Researchers from University of Pennsylvania School of Dental Medicine, University of Florida and University of North Carolina have developed a therapy to prevent the development of antibodies that work against the clotting factor in patients with hemophilia. In the study, led by Henry Daniell, PhD, director of Translational Research at Penn Dental Medicine, researchers used clotting factor produced in plant cells to instruct the body to accept rather than block it. Daniell’s past research focused on implementing codon optimization to create a genetic engineering technique that persuades lettuce and tobacco plants to produce foreign proteins
In the most recent study, published in Molecular Therapy, four hemophilia B dogs were fed freeze-dried lettuce powder/clotting factor for more than 300 days; they also received weekly injections of clotting factor IX for eight weeks. The dogs in the control group that did not receive the lettuce powder developed significant levels of antibodies against clotting factor IX, as compared to the experimental group, in which three of the four dogs had only minimal levels of antibody IgG2, and no detectable levels of IgG1 or IgE. Levels of IgG2 were 32 times lower in the treated dogs than in the control group.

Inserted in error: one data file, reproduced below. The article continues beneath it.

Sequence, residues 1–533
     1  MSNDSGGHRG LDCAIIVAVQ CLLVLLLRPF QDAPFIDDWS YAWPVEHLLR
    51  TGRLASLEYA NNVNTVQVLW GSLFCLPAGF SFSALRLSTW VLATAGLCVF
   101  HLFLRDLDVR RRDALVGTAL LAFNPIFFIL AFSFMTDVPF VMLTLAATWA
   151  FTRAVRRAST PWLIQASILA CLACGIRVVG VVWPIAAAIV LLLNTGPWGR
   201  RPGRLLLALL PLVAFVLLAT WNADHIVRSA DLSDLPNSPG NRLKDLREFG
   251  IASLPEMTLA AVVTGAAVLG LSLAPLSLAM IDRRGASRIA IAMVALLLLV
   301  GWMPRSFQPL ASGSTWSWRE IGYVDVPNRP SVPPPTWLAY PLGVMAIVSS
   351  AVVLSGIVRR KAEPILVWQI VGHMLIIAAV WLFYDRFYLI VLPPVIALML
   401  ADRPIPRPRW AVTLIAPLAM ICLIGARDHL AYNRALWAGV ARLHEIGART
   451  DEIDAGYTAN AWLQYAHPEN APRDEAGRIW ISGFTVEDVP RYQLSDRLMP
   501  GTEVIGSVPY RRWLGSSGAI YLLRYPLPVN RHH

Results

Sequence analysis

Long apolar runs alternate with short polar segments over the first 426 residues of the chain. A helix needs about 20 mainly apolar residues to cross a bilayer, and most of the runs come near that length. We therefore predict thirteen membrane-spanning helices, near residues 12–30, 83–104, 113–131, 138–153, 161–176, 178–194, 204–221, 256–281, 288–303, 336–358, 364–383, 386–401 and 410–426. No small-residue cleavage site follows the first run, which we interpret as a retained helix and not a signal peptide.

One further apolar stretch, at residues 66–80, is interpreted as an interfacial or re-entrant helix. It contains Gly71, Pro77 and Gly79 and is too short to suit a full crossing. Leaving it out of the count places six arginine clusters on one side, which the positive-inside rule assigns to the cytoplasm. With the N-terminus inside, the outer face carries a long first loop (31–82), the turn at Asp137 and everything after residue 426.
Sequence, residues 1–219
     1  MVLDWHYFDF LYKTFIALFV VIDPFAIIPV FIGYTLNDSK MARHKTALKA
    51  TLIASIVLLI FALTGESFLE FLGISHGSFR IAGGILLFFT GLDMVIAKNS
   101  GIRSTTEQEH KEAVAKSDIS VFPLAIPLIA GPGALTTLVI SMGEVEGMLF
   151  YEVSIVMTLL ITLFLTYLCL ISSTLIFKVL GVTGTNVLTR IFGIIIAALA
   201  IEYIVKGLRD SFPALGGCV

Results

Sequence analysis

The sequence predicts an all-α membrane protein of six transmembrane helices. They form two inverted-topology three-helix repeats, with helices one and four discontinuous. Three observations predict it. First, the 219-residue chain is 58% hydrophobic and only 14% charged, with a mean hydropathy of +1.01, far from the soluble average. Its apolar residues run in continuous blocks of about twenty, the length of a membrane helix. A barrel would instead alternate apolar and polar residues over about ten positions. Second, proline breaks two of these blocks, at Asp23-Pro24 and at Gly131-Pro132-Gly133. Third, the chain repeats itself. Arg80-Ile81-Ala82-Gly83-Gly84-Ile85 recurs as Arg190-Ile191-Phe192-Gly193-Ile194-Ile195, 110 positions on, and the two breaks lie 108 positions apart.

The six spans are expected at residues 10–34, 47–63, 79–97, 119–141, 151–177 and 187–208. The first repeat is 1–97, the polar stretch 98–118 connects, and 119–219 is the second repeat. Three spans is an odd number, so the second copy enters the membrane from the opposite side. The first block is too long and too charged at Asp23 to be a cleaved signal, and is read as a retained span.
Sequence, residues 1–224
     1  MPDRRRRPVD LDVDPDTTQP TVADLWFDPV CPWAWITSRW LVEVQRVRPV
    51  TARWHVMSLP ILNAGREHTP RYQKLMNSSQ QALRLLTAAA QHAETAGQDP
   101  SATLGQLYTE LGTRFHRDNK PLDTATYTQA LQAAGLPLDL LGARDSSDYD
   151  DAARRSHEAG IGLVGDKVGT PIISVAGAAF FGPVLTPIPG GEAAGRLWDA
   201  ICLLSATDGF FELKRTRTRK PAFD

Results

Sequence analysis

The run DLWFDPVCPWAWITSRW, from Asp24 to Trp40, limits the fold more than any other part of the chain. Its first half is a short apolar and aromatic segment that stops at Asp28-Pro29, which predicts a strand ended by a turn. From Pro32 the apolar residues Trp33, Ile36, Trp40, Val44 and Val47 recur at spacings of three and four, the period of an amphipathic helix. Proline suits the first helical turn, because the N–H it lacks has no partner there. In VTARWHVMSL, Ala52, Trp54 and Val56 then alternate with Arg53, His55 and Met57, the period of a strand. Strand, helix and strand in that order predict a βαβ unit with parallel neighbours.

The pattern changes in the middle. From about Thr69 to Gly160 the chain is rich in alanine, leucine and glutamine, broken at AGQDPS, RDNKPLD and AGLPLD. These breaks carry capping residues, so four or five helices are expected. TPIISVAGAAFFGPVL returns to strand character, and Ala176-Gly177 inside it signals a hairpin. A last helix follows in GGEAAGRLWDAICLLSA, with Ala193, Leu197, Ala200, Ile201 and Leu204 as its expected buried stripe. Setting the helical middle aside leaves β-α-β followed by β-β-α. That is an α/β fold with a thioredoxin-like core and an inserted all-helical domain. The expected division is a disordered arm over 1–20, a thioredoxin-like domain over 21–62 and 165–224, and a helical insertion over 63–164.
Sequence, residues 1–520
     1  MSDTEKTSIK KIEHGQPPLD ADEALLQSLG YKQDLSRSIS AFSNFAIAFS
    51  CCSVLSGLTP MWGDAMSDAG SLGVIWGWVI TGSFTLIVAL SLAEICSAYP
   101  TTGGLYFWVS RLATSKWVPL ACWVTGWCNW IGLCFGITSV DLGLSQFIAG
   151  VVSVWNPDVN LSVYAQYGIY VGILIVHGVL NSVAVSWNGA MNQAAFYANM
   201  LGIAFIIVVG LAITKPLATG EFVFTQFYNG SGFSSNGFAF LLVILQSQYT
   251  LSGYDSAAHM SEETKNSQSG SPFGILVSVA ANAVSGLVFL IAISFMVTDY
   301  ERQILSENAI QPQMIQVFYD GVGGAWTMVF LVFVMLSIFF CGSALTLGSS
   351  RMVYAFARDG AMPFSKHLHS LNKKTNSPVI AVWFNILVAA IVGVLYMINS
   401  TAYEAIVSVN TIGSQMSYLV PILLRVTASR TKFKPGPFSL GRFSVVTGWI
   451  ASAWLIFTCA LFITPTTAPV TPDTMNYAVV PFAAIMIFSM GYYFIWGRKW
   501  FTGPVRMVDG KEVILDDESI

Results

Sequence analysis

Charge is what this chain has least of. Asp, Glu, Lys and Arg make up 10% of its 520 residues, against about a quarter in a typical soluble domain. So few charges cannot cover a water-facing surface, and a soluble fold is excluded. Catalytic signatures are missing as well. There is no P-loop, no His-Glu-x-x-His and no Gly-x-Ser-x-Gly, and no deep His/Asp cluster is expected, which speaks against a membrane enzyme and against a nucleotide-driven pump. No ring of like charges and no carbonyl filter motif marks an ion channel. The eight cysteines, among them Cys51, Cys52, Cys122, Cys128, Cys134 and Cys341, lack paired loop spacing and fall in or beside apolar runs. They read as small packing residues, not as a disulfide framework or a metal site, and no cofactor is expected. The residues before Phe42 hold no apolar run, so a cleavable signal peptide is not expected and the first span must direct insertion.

“The results were quite dramatic,” Daniell told Penn News. “We corrected blood clotting time in each of the dogs and were able to suppress antibody formation, as well. All signs point to this material being ready for the clinic.”
The next steps for the research team include additional toxicology and pharmacokinetics studies before applying for an Investigational New Drug application with the U.S. Food and Drug Administration before the end of the year, according to Penn News. Read more at news.upenn.edu/news/plant-made-hemophilia-therapy-shows-promise-penn-study-finds
FEATURED IMAGE COURTESY OF UNIVERSITY OF PENNSYLVANIA